Mailinglist Archive: opensuse (1606 mails)

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Re: [opensuse] strange samba rsync problem gets worse

----- Original Message -----
From: "Damon Register" <damonregister@xxxxxxxxxxxxx>
To: <opensuse@xxxxxxxxxxxx>
Sent: Friday, September 05, 2008 7:50 PM
Subject: Re: [opensuse] strange samba rsync problem gets worse

Brian K. White wrote:
Sounds like you're on track.
I thought I was but it is far from over.

However, I would (I do in fact) just install the prebuilt rsync from
I just did. I tried building it from source but that didn't get very
far so I just got the prebuilt packages from SFW. I tested with that
and still get the same old

You said you have solaris 10, I don't remember what platform, so, assuming
it's sparc,
It is an Ultra20 with an AMD64.

for you to install rsync, you could cut & paste this recipe verbtim, paste
the whole block from sfi () { to } right into a telnet/ssh session.
Then run the sfi <pkg> commands manually one at a time, in the order shown.
That's a cool script. Thanks.

If you don't have wget or curl just get the files any way you want of course
and run the gunzip & pkgadd commands manually like the first example.
I had to get those a while ago for some reason I don't remember any more.

So far everything I tried gives me the same error.

rsync: The server is configured to refuse --iconv
rsync error: requested action not supported (code 4) at clientserver.c(840)
rsync: connection unexpectedly closed (5 bytes received so far) [sender]
_exit_cleanup(code=12, file=io.c, line=635): entered
rsync error: error in rsync protocol data stream (code 12) at io.c(635)
_exit_cleanup(code=12, file=io.c, line=635): about to call exit(12)

No matter what options I try, I still get the "refuse --iconv" message.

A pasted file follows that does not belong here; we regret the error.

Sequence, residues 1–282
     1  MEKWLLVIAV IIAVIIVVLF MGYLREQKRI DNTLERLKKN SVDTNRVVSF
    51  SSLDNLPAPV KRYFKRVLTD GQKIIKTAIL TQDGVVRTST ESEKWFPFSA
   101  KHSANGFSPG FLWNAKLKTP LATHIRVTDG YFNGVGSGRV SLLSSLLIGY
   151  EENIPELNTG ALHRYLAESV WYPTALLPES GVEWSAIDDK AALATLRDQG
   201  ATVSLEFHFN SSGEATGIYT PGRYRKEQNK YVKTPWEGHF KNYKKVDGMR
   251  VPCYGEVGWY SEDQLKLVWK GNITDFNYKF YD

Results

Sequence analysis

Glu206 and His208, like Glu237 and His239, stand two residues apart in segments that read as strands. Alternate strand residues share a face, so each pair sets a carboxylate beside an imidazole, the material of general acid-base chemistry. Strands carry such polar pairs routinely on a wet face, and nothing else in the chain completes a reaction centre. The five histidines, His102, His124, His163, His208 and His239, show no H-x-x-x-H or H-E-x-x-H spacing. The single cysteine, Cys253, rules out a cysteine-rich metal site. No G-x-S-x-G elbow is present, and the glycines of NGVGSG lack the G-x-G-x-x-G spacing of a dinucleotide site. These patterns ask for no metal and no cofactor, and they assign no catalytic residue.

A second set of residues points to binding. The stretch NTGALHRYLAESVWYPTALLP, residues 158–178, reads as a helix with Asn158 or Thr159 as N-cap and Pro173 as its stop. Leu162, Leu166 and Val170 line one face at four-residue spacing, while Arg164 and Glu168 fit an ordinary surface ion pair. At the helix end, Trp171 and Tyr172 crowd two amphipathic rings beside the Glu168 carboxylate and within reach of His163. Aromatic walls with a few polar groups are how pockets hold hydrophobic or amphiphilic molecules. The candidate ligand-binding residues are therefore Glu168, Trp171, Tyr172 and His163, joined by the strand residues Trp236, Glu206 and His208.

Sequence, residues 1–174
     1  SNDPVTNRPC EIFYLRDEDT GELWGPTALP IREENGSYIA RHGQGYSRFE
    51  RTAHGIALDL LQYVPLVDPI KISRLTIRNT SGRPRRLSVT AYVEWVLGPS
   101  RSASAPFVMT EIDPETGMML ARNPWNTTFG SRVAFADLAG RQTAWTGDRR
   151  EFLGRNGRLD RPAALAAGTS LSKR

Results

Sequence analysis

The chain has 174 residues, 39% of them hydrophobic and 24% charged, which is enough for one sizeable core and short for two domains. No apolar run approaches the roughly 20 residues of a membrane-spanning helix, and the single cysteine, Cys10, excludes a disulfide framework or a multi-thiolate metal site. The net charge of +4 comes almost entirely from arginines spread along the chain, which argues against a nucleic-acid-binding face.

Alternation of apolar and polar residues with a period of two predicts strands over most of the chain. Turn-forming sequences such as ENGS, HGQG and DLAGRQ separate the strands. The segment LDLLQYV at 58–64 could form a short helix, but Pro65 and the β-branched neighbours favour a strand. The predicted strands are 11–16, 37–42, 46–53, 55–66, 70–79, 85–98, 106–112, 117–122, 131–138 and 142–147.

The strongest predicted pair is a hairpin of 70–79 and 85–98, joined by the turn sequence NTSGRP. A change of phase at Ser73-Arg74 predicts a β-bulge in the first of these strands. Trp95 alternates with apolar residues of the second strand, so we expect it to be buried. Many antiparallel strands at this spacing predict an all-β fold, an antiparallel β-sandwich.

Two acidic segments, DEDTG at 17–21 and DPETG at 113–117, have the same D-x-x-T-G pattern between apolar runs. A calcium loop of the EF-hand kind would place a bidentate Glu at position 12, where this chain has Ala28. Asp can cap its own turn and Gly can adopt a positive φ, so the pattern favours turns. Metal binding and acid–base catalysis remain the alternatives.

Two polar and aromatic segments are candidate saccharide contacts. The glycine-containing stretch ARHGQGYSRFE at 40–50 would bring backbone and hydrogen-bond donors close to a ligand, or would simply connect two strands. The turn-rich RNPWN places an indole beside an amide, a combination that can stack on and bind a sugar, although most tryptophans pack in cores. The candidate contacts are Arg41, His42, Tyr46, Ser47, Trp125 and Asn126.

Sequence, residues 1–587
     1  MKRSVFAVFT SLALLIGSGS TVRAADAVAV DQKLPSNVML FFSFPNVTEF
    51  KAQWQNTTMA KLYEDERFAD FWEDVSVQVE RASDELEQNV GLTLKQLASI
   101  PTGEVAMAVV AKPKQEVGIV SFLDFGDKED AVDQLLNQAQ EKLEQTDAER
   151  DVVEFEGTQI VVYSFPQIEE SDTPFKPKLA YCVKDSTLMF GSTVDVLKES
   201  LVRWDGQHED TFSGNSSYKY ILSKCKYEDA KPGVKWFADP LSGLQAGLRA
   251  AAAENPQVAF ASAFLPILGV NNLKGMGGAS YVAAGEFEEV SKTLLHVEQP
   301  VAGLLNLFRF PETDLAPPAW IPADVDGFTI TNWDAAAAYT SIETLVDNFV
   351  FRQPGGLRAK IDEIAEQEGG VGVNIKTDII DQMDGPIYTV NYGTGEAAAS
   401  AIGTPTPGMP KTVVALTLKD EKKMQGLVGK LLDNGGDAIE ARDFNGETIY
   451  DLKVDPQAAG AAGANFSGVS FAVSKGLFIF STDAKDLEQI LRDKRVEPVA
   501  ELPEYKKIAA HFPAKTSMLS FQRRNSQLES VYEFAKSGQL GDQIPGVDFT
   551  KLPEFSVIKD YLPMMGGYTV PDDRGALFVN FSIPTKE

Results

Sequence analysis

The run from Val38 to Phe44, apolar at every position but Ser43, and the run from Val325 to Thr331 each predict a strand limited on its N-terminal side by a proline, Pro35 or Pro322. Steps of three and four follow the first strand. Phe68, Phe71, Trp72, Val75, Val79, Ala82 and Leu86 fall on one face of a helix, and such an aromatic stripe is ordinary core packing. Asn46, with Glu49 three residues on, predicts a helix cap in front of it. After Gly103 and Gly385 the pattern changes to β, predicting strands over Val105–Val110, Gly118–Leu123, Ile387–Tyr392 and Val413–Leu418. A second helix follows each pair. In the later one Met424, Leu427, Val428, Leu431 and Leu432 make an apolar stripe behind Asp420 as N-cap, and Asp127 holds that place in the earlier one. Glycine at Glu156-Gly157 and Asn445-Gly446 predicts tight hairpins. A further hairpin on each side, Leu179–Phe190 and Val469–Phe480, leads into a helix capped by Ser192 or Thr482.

I got the impression from the man page that if I didn't specify a charset
that the iconv would be refused unless I added no-iconv to the refuse options.

Since I wasn't getting anywhere with the Solaris setup, I installed SuSE 11
on an old spare PC. After getting the rsync daemon setup there, I tried
it and got the same message. It seems that the rsync daemon on the SuSE
system has the same problem. So, since the SuSE setup has the same problem
I will focus on that first since I might have a better chance of getting
help. Perhaps if I get the SuSE one working, I will have found the solution
for the Solaris one as well.

Can anyone help with rsync on SuSE?

"man rsync", under --iconv=CONVERT_SPEC

says nothing will happen unless there is a charset option in the daemon config
I put "charset = cp437" into /etc/rsyncd.conf on a remote machine and restarted

and it says to use --iconv=local_charset[,remote_charset]

and that valid values for charsets come from "iconv -l"

first I tried a few tests with iconv itself, not involving rsyc, just to get so
I know how to use iconv itself.
After a lot of tests I'm not so sure this option is going to be very useful.
It fails way too easily, saying that various characters are invalid either for
the input or output character set.
Even when both character sets do have the same character, iconv fails to
translate them many times.

However, eventually I arrive at a comand that converts something to something
else, correctly.
windows cp1252 has an e-umlaut at hex eb

cp437 has e-umlaut at hex 89